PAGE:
If you’re planning on volunteering or have ever thought about volunteering or touring in Africa to raise or pet lion cubs, please reconsider. Do your research on canned hunting and cub petting, and be aware of what you’re supporting.
The following are some of the questions you should always ask a facility before deciding on whether to volunteer/visit there or not:
- Do they have cubs regularly?
- Do they allow interaction between the animals and the public/volunteers? Why?
- Where is the cub’s mother? For what reason or purpose are cubs being removed from their mothers in the first place?
- How often are lionesses giving birth to new litters? (Note: lions normally only breed about every two years — any more is unnatural and draining for the female!)
- If you’re breeding lions, what’s your breeding plan? Why breed purely for a life of confinement? If you rescue animals, why perpetuate the problem by breeding more of them?
- What happens to the animals when they’re older? Are they sold? If so, to where? (Note: ask for the names of the specific reserves or zoos!) What sort of assurances do you take to make sure you’re not participating in canned hunting?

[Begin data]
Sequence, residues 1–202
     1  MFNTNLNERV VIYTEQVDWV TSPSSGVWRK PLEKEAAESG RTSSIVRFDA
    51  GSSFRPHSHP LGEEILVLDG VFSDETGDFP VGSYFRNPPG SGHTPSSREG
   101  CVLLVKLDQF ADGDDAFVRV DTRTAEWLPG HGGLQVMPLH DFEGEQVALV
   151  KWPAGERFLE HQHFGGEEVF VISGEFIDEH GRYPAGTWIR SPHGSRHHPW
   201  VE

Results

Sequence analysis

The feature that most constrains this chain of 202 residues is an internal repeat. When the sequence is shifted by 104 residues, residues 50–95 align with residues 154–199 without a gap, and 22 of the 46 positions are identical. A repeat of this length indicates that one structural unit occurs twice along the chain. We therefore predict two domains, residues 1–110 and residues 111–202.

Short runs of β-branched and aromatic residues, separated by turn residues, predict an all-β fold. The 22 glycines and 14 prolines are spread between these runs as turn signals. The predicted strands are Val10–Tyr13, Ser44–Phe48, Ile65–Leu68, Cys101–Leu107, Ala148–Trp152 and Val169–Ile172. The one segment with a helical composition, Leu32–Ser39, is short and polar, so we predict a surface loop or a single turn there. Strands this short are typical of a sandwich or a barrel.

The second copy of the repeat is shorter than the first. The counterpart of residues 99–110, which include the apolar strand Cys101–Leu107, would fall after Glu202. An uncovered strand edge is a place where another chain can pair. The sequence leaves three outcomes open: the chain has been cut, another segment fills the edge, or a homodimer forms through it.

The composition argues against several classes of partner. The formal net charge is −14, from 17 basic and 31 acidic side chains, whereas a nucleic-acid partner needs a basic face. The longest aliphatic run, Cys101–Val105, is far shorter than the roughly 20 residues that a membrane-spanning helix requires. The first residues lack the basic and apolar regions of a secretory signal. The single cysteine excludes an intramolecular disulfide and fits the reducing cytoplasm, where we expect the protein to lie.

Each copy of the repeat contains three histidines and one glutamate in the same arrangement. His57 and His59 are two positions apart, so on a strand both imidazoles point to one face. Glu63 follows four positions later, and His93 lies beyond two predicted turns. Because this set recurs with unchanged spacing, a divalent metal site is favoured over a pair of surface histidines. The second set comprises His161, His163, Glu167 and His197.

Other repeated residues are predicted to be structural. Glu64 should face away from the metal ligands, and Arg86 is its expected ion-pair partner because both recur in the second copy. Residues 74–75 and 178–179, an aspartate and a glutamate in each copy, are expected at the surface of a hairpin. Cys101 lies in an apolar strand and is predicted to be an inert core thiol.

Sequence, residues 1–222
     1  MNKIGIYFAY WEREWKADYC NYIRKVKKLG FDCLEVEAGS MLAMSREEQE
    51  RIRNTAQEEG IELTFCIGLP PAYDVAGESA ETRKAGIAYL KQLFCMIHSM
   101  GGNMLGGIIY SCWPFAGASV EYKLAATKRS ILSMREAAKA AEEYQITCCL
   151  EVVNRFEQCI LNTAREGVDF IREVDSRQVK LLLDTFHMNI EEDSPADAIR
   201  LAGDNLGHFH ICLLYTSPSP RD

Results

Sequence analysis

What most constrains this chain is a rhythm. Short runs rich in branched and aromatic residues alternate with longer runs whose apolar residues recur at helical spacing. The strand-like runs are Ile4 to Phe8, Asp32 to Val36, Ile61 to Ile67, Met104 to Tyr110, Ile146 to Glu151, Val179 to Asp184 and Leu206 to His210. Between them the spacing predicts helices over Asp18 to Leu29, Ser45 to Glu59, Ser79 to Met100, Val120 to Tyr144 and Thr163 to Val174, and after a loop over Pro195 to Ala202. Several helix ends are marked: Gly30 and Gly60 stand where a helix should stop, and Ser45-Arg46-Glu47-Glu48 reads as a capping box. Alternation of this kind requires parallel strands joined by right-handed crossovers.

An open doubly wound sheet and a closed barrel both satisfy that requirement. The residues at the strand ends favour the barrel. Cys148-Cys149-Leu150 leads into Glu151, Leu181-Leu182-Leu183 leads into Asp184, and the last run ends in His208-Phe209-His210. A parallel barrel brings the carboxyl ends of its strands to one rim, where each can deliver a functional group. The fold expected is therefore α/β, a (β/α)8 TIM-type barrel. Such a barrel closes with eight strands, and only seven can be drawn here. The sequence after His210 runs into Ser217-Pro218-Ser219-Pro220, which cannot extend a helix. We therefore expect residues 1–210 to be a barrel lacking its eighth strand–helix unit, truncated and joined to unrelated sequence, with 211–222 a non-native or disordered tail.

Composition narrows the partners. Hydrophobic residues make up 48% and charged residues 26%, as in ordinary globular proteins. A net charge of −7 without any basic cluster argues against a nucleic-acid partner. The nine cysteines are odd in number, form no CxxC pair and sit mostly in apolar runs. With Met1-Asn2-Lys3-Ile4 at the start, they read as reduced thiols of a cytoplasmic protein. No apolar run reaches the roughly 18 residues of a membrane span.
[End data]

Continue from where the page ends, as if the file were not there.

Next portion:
- Do they release animals back into the wild? How many successful reintegration into the wild cases have you had? Do you have any specific and detailed documentation or proof of these instances? (Note: no captive bred lion has ever been successfully released back into the wild — don’t believe any place that tells you otherwise!)
- How can you aim to reintroduce animals to the wild and yet allow volunteers and tourists to handle them and expose them to so much human contact?
- How is the project contributing towards education and conservation?
- Are they a not-for-profit organization? If so, ask for their NPO number.
(compiled from Volunteers in Africa Beware)
When these places try to lure you in with the promise of cuddling cute cubs, be proactive. Don’t be lazy — do your own research. Ask questions. Dig deeper. Know what you’re supporting.
For more information on cub petting and how it directly feeds the canned hunting industry, check out these extra resources.